An individual employee, sub-committee or outside agency can be responsible for the development of specific organizational policies and procedures. Who gets assigned this task will depend on the topics or issues being covered and the employees or departments for whom the policies and procedures are designed, Procedures define how things are to be done within an organization while policies define the rules or guidelines under which these procedures are executed.
Human Resources and Compliance
Probably the most important set of policies and procedures your business will have to develop will relate to human resources and compliance. Employees are the pillar of an organization because without them, nothing gets accomplished. A human resources director, manager or coordinator usually spearheads the development of these policies and procedures, with input from a CEO or owner, along with other managers and entry-level employees. Federal and state laws mandate how your business handles specific workplace topics such as sexual harassment. However, when it comes to your organization's culture and goals, developing these policies and procedures is usually done by a team. Consider the creation of a committee consisting of a senior executive, departmental managers and entry-level employees if embarking on such an initiative.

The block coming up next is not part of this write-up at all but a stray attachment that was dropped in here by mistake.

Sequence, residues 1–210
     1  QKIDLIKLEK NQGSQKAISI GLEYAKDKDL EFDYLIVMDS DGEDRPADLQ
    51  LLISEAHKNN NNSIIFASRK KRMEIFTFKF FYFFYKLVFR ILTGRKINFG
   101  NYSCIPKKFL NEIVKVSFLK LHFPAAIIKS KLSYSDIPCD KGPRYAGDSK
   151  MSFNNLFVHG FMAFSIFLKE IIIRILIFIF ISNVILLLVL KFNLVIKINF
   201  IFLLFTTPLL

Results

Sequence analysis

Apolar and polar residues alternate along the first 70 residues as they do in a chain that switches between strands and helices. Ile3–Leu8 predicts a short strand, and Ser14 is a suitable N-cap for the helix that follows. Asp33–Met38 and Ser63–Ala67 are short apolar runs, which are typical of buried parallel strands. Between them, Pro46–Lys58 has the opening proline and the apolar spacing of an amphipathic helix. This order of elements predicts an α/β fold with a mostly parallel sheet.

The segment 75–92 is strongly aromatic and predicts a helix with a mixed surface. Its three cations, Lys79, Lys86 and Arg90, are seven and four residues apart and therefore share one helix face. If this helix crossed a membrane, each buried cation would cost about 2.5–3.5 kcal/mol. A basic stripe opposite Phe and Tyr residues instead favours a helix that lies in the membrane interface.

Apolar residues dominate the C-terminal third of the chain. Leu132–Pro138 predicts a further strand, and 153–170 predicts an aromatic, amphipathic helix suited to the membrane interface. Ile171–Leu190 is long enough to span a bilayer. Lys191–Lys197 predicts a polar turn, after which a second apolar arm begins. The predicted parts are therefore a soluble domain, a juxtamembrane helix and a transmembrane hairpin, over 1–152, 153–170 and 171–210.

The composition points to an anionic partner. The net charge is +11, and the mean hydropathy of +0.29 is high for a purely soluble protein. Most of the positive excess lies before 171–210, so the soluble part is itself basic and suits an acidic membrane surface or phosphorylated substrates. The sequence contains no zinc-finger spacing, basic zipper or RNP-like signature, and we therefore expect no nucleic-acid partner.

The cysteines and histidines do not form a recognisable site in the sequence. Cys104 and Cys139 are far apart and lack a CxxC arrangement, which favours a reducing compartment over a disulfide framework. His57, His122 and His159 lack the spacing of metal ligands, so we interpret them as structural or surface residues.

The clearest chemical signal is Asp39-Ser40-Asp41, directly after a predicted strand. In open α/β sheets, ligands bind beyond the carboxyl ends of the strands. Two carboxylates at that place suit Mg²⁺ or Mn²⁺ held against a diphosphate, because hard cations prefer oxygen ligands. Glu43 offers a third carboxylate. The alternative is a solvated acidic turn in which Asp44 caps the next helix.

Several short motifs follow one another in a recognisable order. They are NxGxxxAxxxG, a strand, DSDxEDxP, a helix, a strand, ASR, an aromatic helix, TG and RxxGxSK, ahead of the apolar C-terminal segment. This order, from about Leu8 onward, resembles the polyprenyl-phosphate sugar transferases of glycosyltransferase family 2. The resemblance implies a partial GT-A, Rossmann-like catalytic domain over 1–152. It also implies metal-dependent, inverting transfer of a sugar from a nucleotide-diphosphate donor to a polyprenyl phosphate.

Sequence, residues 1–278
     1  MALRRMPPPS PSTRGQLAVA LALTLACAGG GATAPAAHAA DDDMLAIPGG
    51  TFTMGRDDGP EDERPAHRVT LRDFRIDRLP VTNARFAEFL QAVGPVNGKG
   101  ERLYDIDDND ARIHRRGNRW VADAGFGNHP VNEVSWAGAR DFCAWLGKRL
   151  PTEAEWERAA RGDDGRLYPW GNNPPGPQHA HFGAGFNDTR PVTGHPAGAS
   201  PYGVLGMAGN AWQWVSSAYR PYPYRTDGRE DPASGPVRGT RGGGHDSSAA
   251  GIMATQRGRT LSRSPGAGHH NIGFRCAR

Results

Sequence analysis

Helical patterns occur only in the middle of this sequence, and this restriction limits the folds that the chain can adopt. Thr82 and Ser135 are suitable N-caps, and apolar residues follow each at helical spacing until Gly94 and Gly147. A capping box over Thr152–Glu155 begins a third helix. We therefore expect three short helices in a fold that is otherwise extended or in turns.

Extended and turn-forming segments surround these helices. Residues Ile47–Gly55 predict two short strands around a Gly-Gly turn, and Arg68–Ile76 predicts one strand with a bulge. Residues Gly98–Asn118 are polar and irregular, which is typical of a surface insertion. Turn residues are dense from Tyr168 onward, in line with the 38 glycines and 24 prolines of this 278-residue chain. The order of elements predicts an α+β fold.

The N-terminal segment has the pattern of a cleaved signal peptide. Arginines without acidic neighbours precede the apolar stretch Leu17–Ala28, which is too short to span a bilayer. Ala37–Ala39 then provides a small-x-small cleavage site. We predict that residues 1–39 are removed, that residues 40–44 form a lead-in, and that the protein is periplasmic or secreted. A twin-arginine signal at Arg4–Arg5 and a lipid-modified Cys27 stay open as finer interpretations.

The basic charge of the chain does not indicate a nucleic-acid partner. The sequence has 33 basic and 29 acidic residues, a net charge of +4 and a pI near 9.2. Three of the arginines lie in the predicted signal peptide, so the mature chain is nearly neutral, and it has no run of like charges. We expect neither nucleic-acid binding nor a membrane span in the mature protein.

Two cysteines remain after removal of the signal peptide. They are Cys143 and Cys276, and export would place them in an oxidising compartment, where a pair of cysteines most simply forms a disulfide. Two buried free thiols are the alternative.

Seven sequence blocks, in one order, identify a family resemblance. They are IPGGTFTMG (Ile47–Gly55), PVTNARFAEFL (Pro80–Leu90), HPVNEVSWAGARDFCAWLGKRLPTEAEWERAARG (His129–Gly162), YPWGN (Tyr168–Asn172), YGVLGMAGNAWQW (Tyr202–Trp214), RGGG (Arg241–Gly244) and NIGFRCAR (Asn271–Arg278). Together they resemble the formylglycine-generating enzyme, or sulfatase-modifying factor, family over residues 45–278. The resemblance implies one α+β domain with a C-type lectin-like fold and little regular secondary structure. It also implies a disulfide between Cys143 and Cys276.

Sales, Marketing and Operations
The head of sales or operations generally serves as the point person for development of sales, marketing and operation policies and procedures. Senior-level executives and managers outside these departments do not tend to be involved in this process. Sales processes, commission structures and incentives, marketing campaign execution and business development are department-specific. However, once these policies and procedures have been developed, reviewing them with senior executives and other departments to ensure support and resources are available is recommended.
Information Systems and Technology
While the head of information systems and technology for your organization should be responsible for the development of comprehensive information systems and technology policies and procedures, a contact from every single department should be included in this process. The IT department's primary function is to serve as a support system for the entire organization. As a result, senior executives and all departments should have a say in the kind of support and technology resources they would like to have at their disposal. The contact who will serve as the lead for developing the organization's IT policies and procedures must outline how she intends to support managerial decision-making, innovation, business process and operational support.
Even though you may put together a team or committee responsible for developing specific policies and procedures, it is a good idea to have one main contact "own" or be responsible for the finished product. As a best practice, the highest title within a specific department should be responsible for that department's policies and procedures. Where documentation is concerned, you may consider outsourcing a manual or handbook to a third party or having it done in-house. Having the finished product reviewed by an attorney or your company's legal counsel is advisable.